February 8, 2016
There are some days, even weeks, that feel like they suck the life out of you.
Thus week has had a few of those. Some of the behaviours and defiance are just enough to make me wish I could crawl under a rock.
I was talking to another parent who has adopted a couple of kids with FASD. I commended her for making it. She said the teen years can be tough, especially with hormones and all of the fun that’s on with that.
There has been so much going on that I just feel wrung out.
In the past couple of months , I came across a new to me blog, Confessions of an adoptive parent, blogged by Mike and Kristin Berry.
They have been wiring for a while. They have adopted some kids with special needs, including FASD.
They have just launched a podcast called Honestly Speakimg, which can be found on their website. It can also be found on iTunes.
They also offer a free resource, “The Weary Parent’s Guide to Escaping Exhaustion”, for subscribing to their email.
I have found several posts to be right where I’m living at the moment.
January 31, 2016
Whether you love th or hate them, the Robertson family of Duck Dynasty fame doesn’t beat around the bush.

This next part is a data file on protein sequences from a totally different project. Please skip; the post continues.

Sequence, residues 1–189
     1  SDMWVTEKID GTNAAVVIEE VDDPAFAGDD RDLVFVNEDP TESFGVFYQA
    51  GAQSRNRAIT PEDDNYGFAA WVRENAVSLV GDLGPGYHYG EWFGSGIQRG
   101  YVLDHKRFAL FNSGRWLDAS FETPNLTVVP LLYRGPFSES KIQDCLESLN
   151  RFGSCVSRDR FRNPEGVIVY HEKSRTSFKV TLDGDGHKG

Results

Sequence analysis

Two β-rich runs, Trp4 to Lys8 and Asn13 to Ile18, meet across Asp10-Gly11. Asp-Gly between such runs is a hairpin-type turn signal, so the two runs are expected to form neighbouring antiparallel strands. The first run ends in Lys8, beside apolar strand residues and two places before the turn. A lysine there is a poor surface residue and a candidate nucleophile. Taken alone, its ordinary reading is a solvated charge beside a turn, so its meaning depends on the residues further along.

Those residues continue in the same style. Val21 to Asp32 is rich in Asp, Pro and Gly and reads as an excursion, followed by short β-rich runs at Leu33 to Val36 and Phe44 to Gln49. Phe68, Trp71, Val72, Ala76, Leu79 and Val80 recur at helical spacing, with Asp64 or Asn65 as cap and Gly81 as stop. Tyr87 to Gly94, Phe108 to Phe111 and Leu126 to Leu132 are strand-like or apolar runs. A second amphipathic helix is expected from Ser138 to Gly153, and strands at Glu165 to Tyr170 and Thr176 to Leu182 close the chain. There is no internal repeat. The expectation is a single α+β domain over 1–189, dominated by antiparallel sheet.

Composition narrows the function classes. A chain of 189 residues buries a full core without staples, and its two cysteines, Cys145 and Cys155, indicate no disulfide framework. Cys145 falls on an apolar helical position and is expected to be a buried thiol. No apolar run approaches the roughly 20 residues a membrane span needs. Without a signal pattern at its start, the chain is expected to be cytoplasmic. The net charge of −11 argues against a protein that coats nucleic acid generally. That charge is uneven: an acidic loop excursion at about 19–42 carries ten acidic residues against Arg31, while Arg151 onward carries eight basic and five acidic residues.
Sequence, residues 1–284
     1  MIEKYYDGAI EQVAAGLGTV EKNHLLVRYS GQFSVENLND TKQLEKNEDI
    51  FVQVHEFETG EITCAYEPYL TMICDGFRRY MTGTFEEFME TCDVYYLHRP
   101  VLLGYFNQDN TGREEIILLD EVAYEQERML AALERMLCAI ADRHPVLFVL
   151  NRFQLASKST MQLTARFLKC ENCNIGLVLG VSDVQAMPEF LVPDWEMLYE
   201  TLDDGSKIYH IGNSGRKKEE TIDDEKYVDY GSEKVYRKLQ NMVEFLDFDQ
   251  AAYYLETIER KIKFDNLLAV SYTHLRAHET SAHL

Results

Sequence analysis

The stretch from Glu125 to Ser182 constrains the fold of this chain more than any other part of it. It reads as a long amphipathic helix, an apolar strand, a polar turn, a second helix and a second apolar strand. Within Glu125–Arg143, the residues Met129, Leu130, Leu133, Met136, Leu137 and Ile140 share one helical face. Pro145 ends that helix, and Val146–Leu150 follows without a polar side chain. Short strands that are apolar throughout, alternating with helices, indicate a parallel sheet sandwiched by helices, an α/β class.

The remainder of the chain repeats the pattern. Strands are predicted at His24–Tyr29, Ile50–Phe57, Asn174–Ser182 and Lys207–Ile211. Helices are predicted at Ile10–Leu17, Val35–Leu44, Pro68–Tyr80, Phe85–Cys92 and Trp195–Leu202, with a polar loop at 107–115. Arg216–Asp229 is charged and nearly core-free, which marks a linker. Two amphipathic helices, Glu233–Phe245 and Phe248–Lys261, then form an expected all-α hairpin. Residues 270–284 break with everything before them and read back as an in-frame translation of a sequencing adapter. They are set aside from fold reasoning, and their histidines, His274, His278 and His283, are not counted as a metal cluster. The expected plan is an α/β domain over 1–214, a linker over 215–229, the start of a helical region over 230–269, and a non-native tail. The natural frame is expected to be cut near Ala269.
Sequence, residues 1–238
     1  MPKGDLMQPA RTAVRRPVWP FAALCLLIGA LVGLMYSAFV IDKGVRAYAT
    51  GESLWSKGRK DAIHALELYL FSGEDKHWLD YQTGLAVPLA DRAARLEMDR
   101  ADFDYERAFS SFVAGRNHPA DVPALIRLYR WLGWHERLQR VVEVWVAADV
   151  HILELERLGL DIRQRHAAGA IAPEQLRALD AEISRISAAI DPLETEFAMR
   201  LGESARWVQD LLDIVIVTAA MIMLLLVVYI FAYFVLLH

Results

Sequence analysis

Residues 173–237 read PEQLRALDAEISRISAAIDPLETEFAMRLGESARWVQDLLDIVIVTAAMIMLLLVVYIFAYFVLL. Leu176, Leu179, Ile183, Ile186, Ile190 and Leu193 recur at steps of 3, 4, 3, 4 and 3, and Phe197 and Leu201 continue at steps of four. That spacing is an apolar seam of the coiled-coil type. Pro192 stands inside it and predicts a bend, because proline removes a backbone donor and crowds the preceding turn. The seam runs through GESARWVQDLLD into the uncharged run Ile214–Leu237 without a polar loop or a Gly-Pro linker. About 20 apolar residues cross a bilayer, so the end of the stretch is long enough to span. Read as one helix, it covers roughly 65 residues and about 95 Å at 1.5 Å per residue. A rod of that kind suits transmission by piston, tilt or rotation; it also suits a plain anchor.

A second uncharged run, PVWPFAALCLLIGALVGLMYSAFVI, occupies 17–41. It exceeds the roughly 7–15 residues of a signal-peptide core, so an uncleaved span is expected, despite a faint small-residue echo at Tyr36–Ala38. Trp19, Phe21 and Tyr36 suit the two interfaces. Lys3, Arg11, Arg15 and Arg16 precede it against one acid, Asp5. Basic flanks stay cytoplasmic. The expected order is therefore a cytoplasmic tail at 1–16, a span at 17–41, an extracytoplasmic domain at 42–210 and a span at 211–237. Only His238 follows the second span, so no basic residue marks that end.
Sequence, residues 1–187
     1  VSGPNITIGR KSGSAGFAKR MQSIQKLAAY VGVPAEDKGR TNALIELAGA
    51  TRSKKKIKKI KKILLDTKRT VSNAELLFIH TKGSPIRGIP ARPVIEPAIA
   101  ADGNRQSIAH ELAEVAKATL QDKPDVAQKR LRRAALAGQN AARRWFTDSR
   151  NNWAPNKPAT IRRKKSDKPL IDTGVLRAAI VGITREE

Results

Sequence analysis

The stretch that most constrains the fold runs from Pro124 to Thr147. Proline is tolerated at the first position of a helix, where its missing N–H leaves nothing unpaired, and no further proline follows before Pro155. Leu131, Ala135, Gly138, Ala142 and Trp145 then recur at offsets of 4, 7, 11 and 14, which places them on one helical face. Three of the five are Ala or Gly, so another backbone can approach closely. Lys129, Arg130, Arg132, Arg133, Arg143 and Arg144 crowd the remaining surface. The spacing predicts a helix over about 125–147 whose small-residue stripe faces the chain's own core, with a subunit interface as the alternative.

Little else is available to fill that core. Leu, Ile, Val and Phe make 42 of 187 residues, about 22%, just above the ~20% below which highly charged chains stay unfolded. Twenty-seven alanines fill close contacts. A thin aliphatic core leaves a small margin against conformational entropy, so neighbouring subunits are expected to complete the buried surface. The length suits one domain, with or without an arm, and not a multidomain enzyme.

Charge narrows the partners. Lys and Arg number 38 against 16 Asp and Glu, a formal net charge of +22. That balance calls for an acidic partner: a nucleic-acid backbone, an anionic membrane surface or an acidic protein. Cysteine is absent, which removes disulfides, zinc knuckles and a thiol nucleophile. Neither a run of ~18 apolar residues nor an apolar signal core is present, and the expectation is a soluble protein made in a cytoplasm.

We saw sme ads for a new reality series outlining the journey of Jep and Jessica as they pursue adoption.
This series iis Jep and Jessica:Growing the Dynasty, on A & E. The link is :http://www.aetv.com/shows/jep-jessica-growing-the-dynasty
We have seem three episodes so far.
They discuss a bit abut their journey to adoption, and how they integrate the new baby into their family. It also shows the extended family coming to meet the new baby.
I thunk it is well done, albeit a bit fluffy.
It presents adoption in a very positive light.
Adoption awareness is very important. There are thousands of children waiting for a forever family. Very few are babies. All need families.
Adoption isn’t necessarily for everyone. It can be a tough road, especially when journeying down the spare dealing with challenges that happened in utero.
Everyone around adoptive families can help. Offering to help with an errand, or provide child care could be a huge blessing. The need is even greater for families that have children with special needs.
January 25, 2016
It’s hard to believe, but it has been six years since a little man was born that has challenged, stretched, and taught us many things was born.
Read the rest of this entry »
December 9, 2015
Reid and I attended the annual open adoption Christmas party with his birth mother and her fiance this past weekend.
It was the fifth time we have attended this event. We agreed to meet with her a couple of times a year when she consented to his adoption.
We have always been open with the fact that our kids are adopted. It is a challenge to share what is appropriate, for both the age and developmental stage of the child. Tate understands, and is comfortable with it. He has asked some questions, but nothing too difficult. Reid hasn’t really reached that point where we can share much with him.
It is good to maintain contact with the family of origin. I’m not sure if it will become awkward at some point. Time will tell.